While this might sound obvious to most women, scientific research hasn't totally caught up with the idea women can — and do — desire sex as much as men do. As researchers try to debunk the many myths about female sexuality (and their harmful corollaries for men), they've started to ask women what it is they actually want. And, according to a recent survey from the fertility awareness app Kindara, what they want is to get laid — not only at least as much as their male partners do, but actually more often.
The survey: Kindara, which seeks to "empower women through a better understanding of their health and bodies," put out a call to 500 female users asking them to quash some of the most pervasive stereotypes of female sexuality. The survey asked about their typical desires, such as what time of day they usually like to have sex or how important physical intimacy is to their overall relationship satisfaction, as well as how much they wanted sex in general.
The results indicated some of what we believe about female sexuality, such as the idea women value emotional connection during sex more than men, might be true. Fifty three percent of respondents said emotional connection was an important requirement for good sex, while nearly a quarter said foreplay was a better indicator of overall quality.
In terms of basic desire, though, most women want more sex than they're having. More than half of respondents said they weren't entirely satisfied with the amount of sex they currently have, and a whopping 75% told Kindara they'd like to fool around in some capacity more than three times a week. Thirteen percent of women even reported they'd like to have sex more than six times per week.
Research is (finally) getting a handle on female libido: The notion that women might be as libidinous as men hasn't become the dominant mainstream school of thought, especially considering longstanding cultural stereotypes that women aren't as interested in sex as men are.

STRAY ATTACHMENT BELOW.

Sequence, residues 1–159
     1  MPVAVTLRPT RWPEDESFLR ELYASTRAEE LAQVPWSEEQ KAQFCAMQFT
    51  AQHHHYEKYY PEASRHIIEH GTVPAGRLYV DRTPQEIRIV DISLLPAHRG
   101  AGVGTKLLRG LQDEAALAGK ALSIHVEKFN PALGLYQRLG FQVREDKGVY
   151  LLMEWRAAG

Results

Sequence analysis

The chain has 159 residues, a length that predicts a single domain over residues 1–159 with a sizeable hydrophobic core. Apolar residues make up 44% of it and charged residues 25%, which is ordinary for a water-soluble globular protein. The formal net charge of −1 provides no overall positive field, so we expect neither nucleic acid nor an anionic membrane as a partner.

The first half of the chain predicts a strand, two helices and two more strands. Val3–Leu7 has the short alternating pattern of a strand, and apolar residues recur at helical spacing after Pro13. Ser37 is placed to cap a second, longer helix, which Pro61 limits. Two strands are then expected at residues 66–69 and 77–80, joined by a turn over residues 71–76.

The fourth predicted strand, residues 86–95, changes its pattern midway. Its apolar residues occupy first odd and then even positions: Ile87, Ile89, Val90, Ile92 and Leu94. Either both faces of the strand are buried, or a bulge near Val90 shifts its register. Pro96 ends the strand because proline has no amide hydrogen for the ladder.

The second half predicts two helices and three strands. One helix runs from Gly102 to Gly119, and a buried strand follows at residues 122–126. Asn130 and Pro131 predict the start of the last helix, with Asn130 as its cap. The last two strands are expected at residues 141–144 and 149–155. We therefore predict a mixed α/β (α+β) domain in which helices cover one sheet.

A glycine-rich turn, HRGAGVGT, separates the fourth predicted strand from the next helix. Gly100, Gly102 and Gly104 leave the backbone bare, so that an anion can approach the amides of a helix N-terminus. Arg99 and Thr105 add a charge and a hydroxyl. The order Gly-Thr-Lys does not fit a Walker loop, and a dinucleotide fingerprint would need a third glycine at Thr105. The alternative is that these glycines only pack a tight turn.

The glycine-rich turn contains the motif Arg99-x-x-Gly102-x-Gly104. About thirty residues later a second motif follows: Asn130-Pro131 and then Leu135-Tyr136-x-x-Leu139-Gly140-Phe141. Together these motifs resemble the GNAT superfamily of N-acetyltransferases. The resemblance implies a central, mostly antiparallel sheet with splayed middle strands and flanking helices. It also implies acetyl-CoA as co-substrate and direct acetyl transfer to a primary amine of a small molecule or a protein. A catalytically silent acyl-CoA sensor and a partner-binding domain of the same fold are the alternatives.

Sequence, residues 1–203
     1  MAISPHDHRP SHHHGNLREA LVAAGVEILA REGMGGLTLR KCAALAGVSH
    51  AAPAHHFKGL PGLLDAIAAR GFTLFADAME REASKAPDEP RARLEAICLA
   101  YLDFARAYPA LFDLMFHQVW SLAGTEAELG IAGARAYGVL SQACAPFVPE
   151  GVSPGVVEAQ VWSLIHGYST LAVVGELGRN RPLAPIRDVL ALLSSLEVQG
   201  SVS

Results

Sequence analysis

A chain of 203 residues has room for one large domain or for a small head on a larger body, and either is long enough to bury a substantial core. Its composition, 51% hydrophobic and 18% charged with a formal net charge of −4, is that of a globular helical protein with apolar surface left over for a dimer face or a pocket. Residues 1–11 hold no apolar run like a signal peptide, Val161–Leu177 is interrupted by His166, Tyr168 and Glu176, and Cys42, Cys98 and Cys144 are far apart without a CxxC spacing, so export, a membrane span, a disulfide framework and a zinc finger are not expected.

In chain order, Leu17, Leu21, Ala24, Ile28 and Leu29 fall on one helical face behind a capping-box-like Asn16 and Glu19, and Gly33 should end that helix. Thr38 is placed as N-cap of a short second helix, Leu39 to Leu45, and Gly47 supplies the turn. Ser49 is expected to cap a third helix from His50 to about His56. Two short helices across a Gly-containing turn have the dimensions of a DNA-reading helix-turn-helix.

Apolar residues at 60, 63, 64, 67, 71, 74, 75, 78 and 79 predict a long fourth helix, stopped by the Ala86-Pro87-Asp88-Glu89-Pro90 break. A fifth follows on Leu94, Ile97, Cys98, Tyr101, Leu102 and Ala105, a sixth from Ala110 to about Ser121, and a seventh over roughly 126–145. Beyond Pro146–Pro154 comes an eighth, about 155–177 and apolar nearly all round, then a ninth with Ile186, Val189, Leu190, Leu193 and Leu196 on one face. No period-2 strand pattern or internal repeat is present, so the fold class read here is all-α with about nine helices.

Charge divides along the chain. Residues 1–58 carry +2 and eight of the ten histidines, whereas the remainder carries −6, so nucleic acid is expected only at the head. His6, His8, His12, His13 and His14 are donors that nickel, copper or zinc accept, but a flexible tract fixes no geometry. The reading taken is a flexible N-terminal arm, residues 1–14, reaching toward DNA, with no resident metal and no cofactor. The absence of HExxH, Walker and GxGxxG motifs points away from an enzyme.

Researchers have, however, made progress toward understanding the biological underpinnings of female lust in recent years. As the journalist Daniel Bergner described in his seminal 2013 book, What Do Women Want? scientists have begun to uncover what could be "a new, unvarnished norm" for female sexuality, which could confirm that women's libidinousness is, "at base, nothing if not animal." All of that is to say, it's distinctly more similar to men's than was previously thought.
Similar doesn't always mean "same" — but it can still be equal. Of course, even if men and women do have similar levels of sexual desire, that doesn't mean their actual sex lives play out in the same way, as there are countless social influences to consider on both men's and women's sexual behaviors. A study released earlier this year, for instance, found women were as likely as men to be interested in casual sex — but only when there was no threat of sexual violence or of social judgment.
We also know from the recent debate over flibanserin, the women's low libido drug commonly referred to as "female Viagra," that the mechanism for desire tends to operate differently for women and men. Nonetheless, the (ultimately successful) push for the drug hinged on the idea that women don't just want to have sex — they want to want to have more sex.
Ultimately, the question of whether women want sex more or less or just as much as men do isn't significant. What's important is that we recognize women want sex in the first place — and finally, science is starting to recognize that we do.